And commodity giant Rio Tinto, in response to weak commodity markets, is initiating major cost-cutting measures. Rio Tinto brought in a new CEO in January. Oddly, they are continuing to expand the supply of iron ore despite evidence there is already excessive supply.
Oil hit a low of $86.06 this morning, its lowest level since Dec. 14, 2012.
Still it wasn't all slow-growth. W.W. Grainger reported earnings above expectations and raised the lower end of its 2013 sales and earnings guidance to reflect its strong performance in the quarter. Grainger is the first of the multi-industry companies I watch to report: it supplies safety and security supplies, lighting products, power tools, pumps, and maintenance supplies to many companies, with about 25 percent of sales outside the U.S.
1) Housing starts came in over 1 million for the first time since 2008, at 1.036 million well above expectations of 935,000. Building permits were light, 902,000 vs. expectations of 945,000.
While housing may be doing well, the office market is still glutted. Mack-Cali Realty, an office real estate investment trust, cut its quarterly dividend by 33 percent in an effort to save cash. The REIT said weak demand for office space is impacting its business.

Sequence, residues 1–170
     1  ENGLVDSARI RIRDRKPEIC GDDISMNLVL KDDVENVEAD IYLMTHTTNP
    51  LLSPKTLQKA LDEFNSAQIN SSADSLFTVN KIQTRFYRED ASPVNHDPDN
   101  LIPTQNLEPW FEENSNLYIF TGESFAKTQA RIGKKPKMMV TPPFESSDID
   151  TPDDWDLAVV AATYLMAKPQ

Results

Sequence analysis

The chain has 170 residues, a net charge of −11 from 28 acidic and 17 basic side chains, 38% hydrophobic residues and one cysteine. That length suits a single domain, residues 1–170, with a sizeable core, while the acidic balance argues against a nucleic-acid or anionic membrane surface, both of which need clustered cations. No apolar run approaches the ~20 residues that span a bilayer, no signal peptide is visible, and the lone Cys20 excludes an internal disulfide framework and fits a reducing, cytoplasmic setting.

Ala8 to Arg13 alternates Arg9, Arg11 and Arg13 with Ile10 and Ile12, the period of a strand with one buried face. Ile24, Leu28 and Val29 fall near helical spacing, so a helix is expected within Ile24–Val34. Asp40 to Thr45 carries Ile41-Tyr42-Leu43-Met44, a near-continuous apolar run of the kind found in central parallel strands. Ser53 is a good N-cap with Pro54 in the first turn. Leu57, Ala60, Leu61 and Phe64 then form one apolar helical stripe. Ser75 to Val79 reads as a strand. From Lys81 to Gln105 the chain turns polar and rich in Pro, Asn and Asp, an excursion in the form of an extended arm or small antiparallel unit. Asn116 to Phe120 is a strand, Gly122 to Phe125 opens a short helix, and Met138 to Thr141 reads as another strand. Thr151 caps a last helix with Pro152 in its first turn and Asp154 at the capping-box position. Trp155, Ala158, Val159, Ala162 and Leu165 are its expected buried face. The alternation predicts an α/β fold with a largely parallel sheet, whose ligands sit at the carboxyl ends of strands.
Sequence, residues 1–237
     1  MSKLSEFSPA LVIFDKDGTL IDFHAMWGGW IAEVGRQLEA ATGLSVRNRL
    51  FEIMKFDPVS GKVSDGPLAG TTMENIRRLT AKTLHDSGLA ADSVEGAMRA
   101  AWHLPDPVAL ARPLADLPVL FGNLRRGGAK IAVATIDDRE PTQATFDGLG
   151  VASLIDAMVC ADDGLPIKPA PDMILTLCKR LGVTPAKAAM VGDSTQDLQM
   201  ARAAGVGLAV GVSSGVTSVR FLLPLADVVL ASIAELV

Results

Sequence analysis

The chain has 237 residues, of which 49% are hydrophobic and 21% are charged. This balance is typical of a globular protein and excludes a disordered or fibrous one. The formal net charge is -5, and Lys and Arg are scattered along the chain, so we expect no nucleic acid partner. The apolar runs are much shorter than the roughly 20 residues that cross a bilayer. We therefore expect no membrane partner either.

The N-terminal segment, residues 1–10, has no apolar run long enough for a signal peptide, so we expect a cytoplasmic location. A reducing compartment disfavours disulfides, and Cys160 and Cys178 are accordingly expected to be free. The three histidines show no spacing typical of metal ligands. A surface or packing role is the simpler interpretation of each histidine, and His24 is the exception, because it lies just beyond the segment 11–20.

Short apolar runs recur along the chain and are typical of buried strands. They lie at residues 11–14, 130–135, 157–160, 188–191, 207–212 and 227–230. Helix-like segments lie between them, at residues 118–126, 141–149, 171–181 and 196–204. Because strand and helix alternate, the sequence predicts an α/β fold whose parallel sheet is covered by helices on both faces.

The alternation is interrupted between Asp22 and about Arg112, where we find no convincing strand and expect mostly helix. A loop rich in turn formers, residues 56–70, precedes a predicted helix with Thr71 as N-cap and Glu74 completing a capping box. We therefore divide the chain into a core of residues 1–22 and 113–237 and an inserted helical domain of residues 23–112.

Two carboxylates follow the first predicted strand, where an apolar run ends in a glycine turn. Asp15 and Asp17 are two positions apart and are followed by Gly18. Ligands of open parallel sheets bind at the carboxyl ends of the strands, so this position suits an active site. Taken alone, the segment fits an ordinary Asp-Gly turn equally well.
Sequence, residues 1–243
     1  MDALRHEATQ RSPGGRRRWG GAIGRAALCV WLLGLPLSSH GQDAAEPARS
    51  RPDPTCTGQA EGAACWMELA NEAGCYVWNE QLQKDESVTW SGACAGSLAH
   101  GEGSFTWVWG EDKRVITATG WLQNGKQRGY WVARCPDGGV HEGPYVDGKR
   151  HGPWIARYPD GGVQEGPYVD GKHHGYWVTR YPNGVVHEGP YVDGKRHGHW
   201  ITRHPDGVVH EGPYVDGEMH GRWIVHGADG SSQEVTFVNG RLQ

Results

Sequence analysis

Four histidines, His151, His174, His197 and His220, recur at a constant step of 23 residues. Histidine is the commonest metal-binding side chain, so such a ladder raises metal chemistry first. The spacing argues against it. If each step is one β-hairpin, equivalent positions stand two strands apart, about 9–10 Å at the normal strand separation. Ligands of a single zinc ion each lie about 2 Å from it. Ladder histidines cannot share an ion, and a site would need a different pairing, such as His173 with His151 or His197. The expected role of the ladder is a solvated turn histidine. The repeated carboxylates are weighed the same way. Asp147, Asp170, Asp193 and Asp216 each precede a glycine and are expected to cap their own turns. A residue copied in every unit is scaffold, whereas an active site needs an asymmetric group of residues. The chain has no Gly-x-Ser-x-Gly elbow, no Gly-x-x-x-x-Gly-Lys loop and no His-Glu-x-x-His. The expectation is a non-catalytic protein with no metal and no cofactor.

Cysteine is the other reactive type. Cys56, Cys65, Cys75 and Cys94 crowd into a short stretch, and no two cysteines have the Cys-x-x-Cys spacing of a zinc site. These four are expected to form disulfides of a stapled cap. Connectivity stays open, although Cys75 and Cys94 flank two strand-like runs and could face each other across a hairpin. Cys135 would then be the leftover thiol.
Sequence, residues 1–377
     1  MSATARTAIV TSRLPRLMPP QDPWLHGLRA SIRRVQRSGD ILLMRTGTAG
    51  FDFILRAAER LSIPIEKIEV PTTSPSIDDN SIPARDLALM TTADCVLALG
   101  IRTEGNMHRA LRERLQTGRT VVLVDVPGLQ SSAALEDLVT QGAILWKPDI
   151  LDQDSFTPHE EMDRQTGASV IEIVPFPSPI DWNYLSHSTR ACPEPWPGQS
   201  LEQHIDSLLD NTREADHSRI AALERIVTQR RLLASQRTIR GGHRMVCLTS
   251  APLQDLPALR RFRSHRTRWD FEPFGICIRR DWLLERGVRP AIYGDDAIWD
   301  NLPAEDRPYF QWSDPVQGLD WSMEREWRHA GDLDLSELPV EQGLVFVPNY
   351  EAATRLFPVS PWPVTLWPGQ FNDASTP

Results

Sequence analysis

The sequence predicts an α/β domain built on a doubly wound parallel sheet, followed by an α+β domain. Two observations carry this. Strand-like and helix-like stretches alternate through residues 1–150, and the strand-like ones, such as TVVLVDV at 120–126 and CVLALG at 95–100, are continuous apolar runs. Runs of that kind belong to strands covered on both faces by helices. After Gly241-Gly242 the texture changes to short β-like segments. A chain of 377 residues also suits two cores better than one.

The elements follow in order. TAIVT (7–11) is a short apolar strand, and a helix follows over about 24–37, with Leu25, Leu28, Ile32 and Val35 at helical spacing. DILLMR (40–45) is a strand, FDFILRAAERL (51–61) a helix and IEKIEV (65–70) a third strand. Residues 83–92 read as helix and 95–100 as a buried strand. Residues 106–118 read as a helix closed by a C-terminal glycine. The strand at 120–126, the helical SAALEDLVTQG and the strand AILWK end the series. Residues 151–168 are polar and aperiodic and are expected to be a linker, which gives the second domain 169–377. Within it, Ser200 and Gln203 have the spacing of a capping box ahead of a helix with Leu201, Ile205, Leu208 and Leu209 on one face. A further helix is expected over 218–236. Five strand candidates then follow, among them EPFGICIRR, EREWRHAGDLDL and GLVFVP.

2) Target warned first-quarter earnings would miss expectations. True, the weather was strange in March (cool weather and lots of snow). Remember the quarter for most retailers end in April, so there is a couple more weeks to go.
3) How bad is the stock trading business? Getco, which is in the process of acquiring Knight Capital Group, said in a regulatory filing that its profit dropped 90 percent last year. There is one of the main reasons behind the merger: cost savings in a time when the industry is shrinking. Volumes have been dropping since spiking in 2008 and 2009 on the financial crisis, average consolidated volume at the New York Stock Exchange for the first quarter of 2013 was again lower than the same quarter last year.
4) I said yesterday that the CME would likely raise its collateral requirements for gold, and it did so today, raising not only collateral requirements for gold, but also for silver and other precious metals.
—By CNBC's Bob Pisani